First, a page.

United States v. Interstate Commerce Commission

PETITIONER: United States
RESPONDENT: Interstate Commerce Commission
LOCATION: Kingsley Books, Inc.

DOCKET NO.: 12
DECIDED BY: Warren Court (1956-1957)
LOWER COURT:

CITATION: 352 US 158 (1956)
ARGUED: Oct 11, 1956
DECIDED: Dec 17, 1956

Facts of the case

Question

Media for United States v. Interstate Commerce Commission

Audio Transcription for Oral Argument - October 11, 1956 (Part 1) in United States v. Interstate Commerce Commission

Audio Transcription for Oral Argument - October 11, 1956 (Part 2) in United States v. Interstate Commerce Commission

Ralph S. Spritzer:

-- have been serving them uninterruptedly for some 30 odd years.

That the Army had leased them after they were completed to a succession of terminal operators.

There's no dispute.

I might add that these facilities are suitable terminal facilities in every sense.

They're large.

They're well equipped.

They have mechanical loading and unloading equipment and an abundance of warehouse space.

Now, while the carriers have served these piers uninterruptedly, they have had from the first what may strike the Court as a rather unusual arrangement with respect to providing these port services to the shipper.

The best way to describe it, I think, is to borrow from the language of antitrust and to refer to it as a tie-in arrangement.

And it is this arrangement which is a kind of but-for cause of the controversy which ultimately arose in World War II and then repeated itself in the Korean period.

One would normally expect, I think, that carriers would charge a line-haul rate for delivering freight cars to a terminal.

And that thereafter, the shipper would pay a separate charge for the unloading and for the use of the pier to the terminal operator whoever he might be.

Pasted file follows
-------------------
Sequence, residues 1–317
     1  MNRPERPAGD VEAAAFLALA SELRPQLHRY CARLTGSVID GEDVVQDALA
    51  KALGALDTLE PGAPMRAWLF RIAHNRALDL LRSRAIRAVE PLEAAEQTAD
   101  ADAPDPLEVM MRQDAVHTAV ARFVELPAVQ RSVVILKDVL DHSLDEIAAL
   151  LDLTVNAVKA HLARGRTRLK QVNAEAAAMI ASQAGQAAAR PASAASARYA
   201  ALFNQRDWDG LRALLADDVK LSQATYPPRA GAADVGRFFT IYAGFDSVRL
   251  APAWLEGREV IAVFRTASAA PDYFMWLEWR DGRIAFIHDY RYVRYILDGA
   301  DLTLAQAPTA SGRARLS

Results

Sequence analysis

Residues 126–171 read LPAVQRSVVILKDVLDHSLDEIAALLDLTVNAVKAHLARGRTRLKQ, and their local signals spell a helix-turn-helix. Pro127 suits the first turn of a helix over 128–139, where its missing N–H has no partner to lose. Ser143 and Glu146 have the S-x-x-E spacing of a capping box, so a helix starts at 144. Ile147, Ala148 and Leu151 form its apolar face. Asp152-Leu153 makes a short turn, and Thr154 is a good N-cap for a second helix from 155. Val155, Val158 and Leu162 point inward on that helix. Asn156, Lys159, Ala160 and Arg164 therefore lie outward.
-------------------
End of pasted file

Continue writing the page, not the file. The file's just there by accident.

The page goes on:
That is common at most ports, but in a number of the North Atlantic ports this tie-in practice was initiated in the 1920s.

And that practice is as follows.

The shipper pays an export rate.

The carrier agrees by appropriate tariff rule or provision that it will provide the wharfage and handling services itself or that it will absorb the wharfage and handling charges of designated commercial terminal operators.

The wharfage and handling charges as the tariffs put it are included in the export rate to and from Norfolk, Virginia.

The carriers however limit the places at which this performance can be obtained.

Now, the purpose and effect of this, we think, are fairly evident.

Harold Burton:

I don't understand what you mean by saying limited places.

Ralph S. Spritzer:

They will designate a particular terminal and say at this terminal, wharfage and handling --

Harold Burton:

They don't -- they don't say at Norfolk.

Ralph S. Spritzer:

-- charges of so much.

Pardon?

Harold Burton:

They don't say at Norfolk.

Ralph S. Spritzer:

No, they --

Harold Burton:

What --

Ralph S. Spritzer:

-- designate the specific terminals.

For example, the Army's lessee until 1951 was a company named Stevenson & Young and they say in their tariffs, we included are the charges, wharfage and handling charges of Stevenson & Young and then those charges are specified, they're $1 a ton as it happen.

Harold Burton:

Does those tariffs include these Army ports, these Army --